"My Bright Abyss: Meditation of a Modern Believer," the new book by Washington and Lee alumnus Christian Wiman, of the Class of 1988, was released earlier this month and has been garnering lots of media attention.
The winner of a Guggenheim, Christian was diagnosed with Waldenström's macroglobulinemia but is currently cancer-free after a bone-marrow transplant. The illness is a thread throughout the essays that compose "My Bright Abyss." Last fall he published an essay that previewed the book in National Review.
Christian has edited Poetry magazine since 2003 but steps down (blogged in January) this summer to join the faculty of the Yale Institute of Sacred Music and Yale Divinity School. He is the author of six previous books.
"My Bright Abyss," published by Farrar Straus Giroux, is described as a "weighty account of modern faith" in the Wall Street Journal, an "anguished, eloquent meditation on faith" in the Washington Post, and "an exploration of his faith and life in extreme crisis" on National Public Radio.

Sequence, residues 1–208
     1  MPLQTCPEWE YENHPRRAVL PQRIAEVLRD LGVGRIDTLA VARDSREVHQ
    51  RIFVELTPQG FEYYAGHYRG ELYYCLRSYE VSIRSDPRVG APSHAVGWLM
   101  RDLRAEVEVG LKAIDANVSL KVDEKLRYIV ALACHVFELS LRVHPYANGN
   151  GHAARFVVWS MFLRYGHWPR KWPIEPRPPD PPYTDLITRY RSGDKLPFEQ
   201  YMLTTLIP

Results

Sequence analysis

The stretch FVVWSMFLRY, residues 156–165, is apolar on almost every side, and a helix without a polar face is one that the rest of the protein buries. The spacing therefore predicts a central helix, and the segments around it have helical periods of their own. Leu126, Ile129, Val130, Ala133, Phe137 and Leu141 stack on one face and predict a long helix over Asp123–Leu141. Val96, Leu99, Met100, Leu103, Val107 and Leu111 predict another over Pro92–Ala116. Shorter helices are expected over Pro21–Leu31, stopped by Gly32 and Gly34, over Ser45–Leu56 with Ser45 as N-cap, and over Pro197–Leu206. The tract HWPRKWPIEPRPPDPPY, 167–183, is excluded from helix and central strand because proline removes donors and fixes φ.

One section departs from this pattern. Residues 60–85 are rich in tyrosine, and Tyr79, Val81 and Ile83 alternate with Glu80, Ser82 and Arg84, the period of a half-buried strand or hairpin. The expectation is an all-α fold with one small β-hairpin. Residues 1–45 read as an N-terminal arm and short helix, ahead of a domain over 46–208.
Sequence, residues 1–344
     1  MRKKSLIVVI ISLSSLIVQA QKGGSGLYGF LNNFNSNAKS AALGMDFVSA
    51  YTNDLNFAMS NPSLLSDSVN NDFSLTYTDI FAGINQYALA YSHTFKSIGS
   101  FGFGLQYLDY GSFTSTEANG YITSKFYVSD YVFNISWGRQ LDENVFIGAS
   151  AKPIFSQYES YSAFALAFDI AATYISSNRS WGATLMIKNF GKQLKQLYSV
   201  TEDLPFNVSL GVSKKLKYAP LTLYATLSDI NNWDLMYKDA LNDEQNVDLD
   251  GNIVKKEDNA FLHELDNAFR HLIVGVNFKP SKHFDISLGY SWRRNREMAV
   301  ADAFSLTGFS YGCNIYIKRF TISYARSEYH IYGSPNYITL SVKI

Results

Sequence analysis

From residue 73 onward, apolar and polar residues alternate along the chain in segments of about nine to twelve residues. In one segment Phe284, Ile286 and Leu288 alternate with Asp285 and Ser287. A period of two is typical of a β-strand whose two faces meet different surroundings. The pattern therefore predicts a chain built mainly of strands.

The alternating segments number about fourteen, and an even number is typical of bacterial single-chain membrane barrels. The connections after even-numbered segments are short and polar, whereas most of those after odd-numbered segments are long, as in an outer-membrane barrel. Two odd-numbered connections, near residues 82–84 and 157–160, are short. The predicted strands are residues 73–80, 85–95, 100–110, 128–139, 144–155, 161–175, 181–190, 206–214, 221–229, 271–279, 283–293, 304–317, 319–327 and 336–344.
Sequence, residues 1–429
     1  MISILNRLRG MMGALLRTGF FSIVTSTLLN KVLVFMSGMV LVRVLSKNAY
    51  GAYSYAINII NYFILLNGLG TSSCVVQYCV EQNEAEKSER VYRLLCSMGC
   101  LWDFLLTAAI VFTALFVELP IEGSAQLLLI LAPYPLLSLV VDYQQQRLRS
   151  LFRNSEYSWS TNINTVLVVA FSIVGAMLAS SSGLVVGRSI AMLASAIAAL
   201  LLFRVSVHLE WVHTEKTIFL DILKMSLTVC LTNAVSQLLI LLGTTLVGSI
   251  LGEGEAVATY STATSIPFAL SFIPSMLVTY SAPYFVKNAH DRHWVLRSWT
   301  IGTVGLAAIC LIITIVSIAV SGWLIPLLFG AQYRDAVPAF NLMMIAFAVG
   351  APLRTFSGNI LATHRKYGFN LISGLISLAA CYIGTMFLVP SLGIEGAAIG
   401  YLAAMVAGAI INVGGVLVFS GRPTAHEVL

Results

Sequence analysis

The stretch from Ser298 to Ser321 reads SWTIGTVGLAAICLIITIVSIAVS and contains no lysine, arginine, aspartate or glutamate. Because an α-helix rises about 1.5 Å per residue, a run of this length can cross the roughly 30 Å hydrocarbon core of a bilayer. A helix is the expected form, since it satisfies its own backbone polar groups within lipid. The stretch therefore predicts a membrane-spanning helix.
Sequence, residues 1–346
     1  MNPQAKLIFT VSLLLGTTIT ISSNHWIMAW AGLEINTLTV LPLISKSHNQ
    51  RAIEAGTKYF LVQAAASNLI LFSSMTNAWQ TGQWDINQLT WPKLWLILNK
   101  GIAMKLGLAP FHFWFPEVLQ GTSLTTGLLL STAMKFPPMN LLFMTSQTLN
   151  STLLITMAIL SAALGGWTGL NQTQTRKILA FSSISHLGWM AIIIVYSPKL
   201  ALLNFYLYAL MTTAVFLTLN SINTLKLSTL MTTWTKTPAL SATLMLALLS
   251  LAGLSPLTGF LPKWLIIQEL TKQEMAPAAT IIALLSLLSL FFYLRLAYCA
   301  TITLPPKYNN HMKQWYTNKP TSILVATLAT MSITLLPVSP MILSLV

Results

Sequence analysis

While Christian's illness is the common thread that runs throughout the essays that comprise "My Bright Abyss," Scott Russell Sanders' review in the Washington Post draws a distinction between Christian's book and other cancer narratives. "This one," Sanders writes, "does not dwell on the dramas of therapy, the ups and downs of hope; rather, it uses grave illness to focus on the question that lurks beneath much, if not all, religion: 'What do you do, what do you say, what in the world are you going to believe in when you are dying?'"
Here is a sampling of national media on Christian's book (some may require subscriptions):
- Washington Post review by Scott Russell Sanders
- NPR review by Walton Muyumba
- Wall Street Journal review by David Yezzi
- The New York Times review by Dwight Garner
- Q and A in The New York Times
- Cleveland Plain Dealer review by John Repp
- "The Spiritual Autobiography of Christian Wiman" in The Chronicle of Higher Education by Jay Parini
- "Poetry and Spirituality at Death's Door," Interview on NPR's On Point with Tom Ashbrook